With a new secretary at the helm and the stimulus winding down, the Department of Energy is undergoing a number of changes. But amidst those changes, leaders at the department continue to push for more investments in clean energy.

In this podcast, we talk with Dr. Dave Danielson, head of the office of energy efficiency and renewable energy at the Department of Energy, about the government's cleantech priorities in the coming year. A transcript of the conversation follows below.

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Dave Danielson: One area we've made a strong request for is for grid integration. As I'm sure you're all aware, we're getting to the point (especially with rooftop PV) where in the next five to ten years we're going to see broad cost-competitiveness with grid-based electricity, without subsidies in many parts of the country. At that point, we're going to have some significant challenges where we need to get utility business models and we need to get the physical grid set up in a way that we can continue to integrate very low-cost rooftopsolarPV while maintaining the grid's reliability.

Because of this, we made a significant $80 million request for a new program that will work with utility and other technology partners in clean energy in order to develop the new technologies and utility market structures that will enable us to democratize the grid and enable high penetration of rooftop PV. That's one area where, if we do end up at a continuing resolution level or at that $1.8 billion, we won't be able to do nearly as much as we'd like to do in order to ensure that we can create an environment where rooftop PV will be able to continue to grow as it reaches cost-competitiveness, as opposed to potentially getting down if we don't solve these grid integration challenges.

Stephen Lacey: This is a really interesting point, because rooftop PV and other renewable energy technologies are to the point, now, where they are commercially viable. They are ready to hit the market, and many of the barriers in front of them are financial, market-based and policy-related. Given your experience at ARPA-E and as a venture capitalist, how do you balance the need for these market plays with the need for R&D, particularly as spending gets tighter?

DD: That's a great question and you're absolutely right. We have to allocate our limited dollars in a way that makes a difference. I'm always telling my team that we need to make "one in, one thousand out" kind of investments, because even with a budget level on the order of $2 billion per year, we're trying to move a multi-trillion-dollar-per-year energy economy.

To take a step back, when I sat down in this seat as assistant secretary a year ago, I really tried to understand where we were, what was unique about where we were compared to five to ten years ago, and where we would be five to ten years from now.

When you sit down and really look at the facts and figures and learning curves, the biggest thing that sticks out is that a wide array of these clean energy technologies (through the United States, EERE and by working with some of our best innovators) have really lowered the cost and increased the performance to the point where there's pretty clear visibility for a whole slew of clean energy technologies to direct cost-competitiveness without subsidies in the next five to ten years. That's true for solar PV, as you mentioned. For wind. For plug-in electric vehicles. For solid-state lighting. For solid-state transformers. There's a wide array of technologies.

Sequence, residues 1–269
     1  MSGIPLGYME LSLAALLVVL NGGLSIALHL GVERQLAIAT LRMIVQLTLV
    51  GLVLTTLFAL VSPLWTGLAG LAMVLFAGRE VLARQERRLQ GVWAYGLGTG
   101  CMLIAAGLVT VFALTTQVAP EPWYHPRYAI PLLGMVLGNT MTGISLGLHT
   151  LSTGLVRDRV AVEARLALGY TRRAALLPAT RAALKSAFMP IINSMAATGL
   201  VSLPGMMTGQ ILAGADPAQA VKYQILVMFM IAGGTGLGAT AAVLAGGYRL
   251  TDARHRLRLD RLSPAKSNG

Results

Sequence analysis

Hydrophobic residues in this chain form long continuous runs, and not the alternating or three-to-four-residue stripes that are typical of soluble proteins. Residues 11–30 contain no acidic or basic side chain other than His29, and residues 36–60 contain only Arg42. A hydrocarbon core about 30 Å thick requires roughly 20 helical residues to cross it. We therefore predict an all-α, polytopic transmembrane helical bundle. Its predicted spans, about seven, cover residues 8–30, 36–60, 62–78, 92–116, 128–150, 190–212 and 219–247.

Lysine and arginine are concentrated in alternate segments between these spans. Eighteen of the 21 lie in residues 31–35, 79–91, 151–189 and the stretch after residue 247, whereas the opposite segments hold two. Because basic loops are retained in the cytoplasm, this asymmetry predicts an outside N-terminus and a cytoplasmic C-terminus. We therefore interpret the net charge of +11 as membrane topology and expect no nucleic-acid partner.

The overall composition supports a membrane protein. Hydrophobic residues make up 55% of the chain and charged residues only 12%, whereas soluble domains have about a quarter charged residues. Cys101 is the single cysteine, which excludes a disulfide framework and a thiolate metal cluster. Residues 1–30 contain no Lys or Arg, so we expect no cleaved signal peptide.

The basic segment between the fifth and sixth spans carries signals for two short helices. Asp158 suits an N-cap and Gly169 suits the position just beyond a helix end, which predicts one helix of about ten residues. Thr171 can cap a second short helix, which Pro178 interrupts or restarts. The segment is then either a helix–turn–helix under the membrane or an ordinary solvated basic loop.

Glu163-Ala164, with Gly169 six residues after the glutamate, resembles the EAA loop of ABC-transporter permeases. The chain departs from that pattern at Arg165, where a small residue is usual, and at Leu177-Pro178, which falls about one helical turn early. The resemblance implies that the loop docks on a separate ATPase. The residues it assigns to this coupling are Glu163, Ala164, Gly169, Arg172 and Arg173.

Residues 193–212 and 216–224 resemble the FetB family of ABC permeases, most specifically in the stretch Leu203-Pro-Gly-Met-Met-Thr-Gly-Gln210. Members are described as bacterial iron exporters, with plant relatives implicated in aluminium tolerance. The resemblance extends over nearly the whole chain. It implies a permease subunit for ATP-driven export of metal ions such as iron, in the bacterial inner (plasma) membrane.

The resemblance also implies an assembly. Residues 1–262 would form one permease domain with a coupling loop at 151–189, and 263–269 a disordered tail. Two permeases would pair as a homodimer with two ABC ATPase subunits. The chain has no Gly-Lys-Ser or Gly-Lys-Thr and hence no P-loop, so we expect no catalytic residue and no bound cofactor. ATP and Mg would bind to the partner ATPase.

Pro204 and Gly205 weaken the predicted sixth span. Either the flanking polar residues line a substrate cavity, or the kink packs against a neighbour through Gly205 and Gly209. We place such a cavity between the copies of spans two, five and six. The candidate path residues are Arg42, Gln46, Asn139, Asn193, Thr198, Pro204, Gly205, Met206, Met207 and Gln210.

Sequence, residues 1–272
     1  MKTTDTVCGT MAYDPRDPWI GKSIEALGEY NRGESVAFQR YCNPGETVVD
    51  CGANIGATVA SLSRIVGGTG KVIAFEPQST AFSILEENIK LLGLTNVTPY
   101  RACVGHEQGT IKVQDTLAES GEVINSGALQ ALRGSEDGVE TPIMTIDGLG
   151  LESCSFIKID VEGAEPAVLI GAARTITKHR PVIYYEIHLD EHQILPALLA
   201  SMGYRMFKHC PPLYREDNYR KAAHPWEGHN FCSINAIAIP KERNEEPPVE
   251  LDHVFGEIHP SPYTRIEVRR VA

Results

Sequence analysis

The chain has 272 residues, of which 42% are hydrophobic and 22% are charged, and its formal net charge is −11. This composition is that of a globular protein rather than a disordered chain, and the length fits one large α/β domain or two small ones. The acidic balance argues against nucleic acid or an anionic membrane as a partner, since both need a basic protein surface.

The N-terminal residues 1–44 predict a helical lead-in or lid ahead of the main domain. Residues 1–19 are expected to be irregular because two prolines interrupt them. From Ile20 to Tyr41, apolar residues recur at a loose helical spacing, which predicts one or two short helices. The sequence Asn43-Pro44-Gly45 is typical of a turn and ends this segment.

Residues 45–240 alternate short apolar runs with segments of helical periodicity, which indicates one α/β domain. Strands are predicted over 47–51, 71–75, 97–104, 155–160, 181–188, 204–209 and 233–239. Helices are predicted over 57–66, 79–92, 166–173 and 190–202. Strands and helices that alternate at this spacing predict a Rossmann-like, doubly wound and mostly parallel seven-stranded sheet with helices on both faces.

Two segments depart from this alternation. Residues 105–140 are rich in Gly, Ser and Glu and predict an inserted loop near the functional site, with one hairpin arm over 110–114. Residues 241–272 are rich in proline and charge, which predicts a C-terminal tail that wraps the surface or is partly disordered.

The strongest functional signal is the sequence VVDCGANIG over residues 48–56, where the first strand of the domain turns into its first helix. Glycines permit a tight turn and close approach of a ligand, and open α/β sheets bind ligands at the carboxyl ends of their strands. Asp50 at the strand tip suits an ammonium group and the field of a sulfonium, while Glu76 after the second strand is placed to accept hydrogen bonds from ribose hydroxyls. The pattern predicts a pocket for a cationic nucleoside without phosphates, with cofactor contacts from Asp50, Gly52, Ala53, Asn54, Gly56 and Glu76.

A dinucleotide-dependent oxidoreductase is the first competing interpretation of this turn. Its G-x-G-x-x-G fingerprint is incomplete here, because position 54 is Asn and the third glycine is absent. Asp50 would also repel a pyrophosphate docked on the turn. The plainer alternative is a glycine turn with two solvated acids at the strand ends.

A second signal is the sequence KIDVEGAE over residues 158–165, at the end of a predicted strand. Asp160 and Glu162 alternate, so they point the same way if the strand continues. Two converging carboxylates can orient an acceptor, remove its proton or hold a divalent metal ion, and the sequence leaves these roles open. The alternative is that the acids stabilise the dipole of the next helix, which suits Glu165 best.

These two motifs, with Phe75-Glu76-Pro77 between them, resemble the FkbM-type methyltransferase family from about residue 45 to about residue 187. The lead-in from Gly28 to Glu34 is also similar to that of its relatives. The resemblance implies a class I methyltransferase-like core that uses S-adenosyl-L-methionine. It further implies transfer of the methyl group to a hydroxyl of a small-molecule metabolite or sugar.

In our budget request, the first priority is really driving hard on these technology areas where direct cost-competitiveness is going to be achieved in that next five to ten years, and making investments to ensure that the United States is the nation that's actually going to get a dominant share of the economic value-add associated with the technology's deployment when it hits the hockey stick curve. So, we're making those kinds of investments both in manufacturing R&D and in breaking down market barriers. At the same time, we have a balanced portfolio investing in the longer-term game changers.

Let's take the example of solar. We launched a new Grand Challenge a couple of years ago called the SunShot Grand Challenge. I was the co-chair organizing our workshops to develop our vision around what the Grand Challenge should be. What we noticed is that for the longest time, the module costs had been the longest pole in the tent. However, when we looked at where we were about two years ago, it was suddenly obvious that soft costs weren't coming down.

If you look at where we are today on the order of, I believe, about $2.50 per watt in the field, we've got to get down to about $1.00 per watt in the field -- which is the SunShot 2020 goal -- and the majority of the work we need to do is in the soft costs. In the 2014 budget, we're significantly increasing our efforts on soft costs, and those are really partnerships we want to develop with utilities and state and local authorities to cut through the red tape. We want to make sure that solar is getting treated fairly as a distributed resource and that we can break down these bureaucratic barriers, in addition to driving hard on manufacturing competitiveness.

SL: And that's an interesting story. That changed over time in consultation with the industry. It was really focused on R&D for technologies and on solar manufacturing. Then it evolved into understanding the market-based barriers and soft costs in solar. How did that change come about over time?